Over the next three Fridays we will be blogging about data found in
last year's ASTD's State of Sales Training research study. This
three part series will drill down deeper each week as we analyze
and discuss trends found in this insightful research. Part 1 will
focus on the importance of aligning sales training with other
corporate training as well as corporate goals and initiatives, part
2 will focus on the "who, what, and how" of sales training, and
part 3 will focus on the "what and how" of selling skills.
We're really hoping to get some good discussion going. So whether
you're a grizzled veteran or someone new to sales training, head
down to the comments section and let us know what you think!
Integrating Sales Training with the Learning
As one participant in the study said, "Training cannot be in a
vacuum it must be integrated to be relevant."
This rings true when looking at the data. An analysis
correlating the integration of various components of sales training
with improved sales performance found that all five components
(found in the far left column of the figure below) had a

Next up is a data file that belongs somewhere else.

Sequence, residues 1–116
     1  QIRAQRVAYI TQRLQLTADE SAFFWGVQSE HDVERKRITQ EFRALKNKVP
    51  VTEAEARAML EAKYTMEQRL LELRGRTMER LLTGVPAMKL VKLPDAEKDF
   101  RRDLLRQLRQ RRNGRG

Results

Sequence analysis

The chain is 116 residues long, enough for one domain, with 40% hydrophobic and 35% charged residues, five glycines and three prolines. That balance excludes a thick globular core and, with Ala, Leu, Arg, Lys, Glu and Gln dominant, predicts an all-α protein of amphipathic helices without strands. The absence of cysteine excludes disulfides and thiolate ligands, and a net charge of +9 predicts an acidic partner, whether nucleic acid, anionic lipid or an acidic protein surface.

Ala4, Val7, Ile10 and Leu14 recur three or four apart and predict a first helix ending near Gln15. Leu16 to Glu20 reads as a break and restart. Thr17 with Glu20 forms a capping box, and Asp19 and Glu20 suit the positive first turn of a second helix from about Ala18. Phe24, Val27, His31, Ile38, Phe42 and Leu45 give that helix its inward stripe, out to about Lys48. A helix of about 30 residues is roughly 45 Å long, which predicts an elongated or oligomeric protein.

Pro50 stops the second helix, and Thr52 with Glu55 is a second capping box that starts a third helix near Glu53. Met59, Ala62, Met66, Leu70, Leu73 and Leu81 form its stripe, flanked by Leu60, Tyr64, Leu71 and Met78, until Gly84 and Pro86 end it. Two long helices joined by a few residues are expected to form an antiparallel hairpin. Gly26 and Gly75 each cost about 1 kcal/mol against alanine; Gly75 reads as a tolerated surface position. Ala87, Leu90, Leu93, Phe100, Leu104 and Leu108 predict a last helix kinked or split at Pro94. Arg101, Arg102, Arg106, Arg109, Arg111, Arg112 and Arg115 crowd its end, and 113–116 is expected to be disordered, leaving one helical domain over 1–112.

significant positive correlation between integration with corporate
learning and higher sales performance (see column at the far right
of the figure below).
What effect can this have?
Of the 5 components, the data shows that sales performance and
revenue increase was most positively correlated with these 3:
delivery of learning, the personnel/training staff, and how the
learning is designed. This suggests that integration of sales
training with overall corporate training means more sales.
For most organizations though, sales training decisions tend to
reside within the sales function and thus ends up isolated from the
corporate learning function. The companies that do integrate their
sales training organization into the broader corporate function are
most likely to integrate content strategy and the delivery of
Unfortunately, learning design, staff training, and budgeting areas
of sales training are typically not integrated at all, or only to a
small extent. This makes the sales training function one of the
last major training areas to remain somewhat separate from the
organization's other learning and development professionals.
What are your experiences? How does your company or organization
position sales training? What ideas do you that can improve the